Detroit.

You see the lifeblood dripping back into a couple veins - a tiny queue of hip restaurants on Michigan Ave., some newly-buffed, shiny buildings right downtown, a local college with students walking into class.

But, for the overwhelming slice, it felt like we were walking through a skeleton. The bare bones of what once was. Blocks and blocks and blocks of derelict everything.
Boarded up apartment buildings with bullet holed windows. 
Nearly razed homes, the front steps walking up to nothing.
Entire factories full of aged graffiti and industry dust.
Corner lots locked up and standing sullenly silent
The Michigan Central Station, hollow and forlorn, with only the sun to accompany it through each passing day.
The Michigan Theater, once a spiffy, entertaining beacon built in the Renaissance Revival, now a car park.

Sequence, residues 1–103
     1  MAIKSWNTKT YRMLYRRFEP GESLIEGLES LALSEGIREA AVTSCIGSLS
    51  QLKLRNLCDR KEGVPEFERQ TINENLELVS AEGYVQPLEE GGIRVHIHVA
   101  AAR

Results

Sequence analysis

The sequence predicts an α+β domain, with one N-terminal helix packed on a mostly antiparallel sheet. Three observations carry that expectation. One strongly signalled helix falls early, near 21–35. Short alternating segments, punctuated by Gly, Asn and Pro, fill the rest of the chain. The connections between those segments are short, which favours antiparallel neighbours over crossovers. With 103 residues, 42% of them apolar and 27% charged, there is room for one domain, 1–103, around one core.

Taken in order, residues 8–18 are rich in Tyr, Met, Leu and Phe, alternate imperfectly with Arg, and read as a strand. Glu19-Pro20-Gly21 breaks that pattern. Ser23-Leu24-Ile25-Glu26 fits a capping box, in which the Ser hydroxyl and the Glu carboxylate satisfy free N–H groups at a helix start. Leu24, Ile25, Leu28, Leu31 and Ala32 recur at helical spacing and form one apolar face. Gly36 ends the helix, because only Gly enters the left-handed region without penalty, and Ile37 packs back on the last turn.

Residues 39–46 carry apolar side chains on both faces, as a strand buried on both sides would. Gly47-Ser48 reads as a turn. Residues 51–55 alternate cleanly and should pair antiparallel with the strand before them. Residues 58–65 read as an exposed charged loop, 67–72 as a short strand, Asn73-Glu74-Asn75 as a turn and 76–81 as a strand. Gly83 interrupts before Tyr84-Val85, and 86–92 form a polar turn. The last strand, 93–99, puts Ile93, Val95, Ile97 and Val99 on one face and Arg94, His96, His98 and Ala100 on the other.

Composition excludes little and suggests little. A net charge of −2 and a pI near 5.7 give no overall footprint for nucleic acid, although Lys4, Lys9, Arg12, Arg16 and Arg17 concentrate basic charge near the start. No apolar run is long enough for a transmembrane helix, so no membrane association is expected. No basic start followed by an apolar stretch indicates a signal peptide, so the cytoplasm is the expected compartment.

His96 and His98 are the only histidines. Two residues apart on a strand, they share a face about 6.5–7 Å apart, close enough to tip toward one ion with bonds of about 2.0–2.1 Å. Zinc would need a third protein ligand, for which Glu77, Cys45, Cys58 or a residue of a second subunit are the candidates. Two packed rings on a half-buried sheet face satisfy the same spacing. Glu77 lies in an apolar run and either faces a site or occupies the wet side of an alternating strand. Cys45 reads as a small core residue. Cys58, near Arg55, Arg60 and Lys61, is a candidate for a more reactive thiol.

It's strange.
It's sad. 

We popped a Bruce Springsteen tape in and sipped fresh coffee and bought Motown records and ate fried chicken, so there were these crisp, wonderful road trip details that littered the day, but what keeps running through my mind is how quiet it was.

I don't remember hearing anything. No birds, no dogs, not even leaves rolling by on the ground. What little traffic there was tiptoed by, almost unnoticed.

You only hear the wind.

This lonely sigh billowing over cracked windows into empty, abandoned rooms and hitting boarded-up front doors.
This lonely sigh whisking over vacancy and dead grass.

This lonely sigh wandering the city only surviving on nostalgia.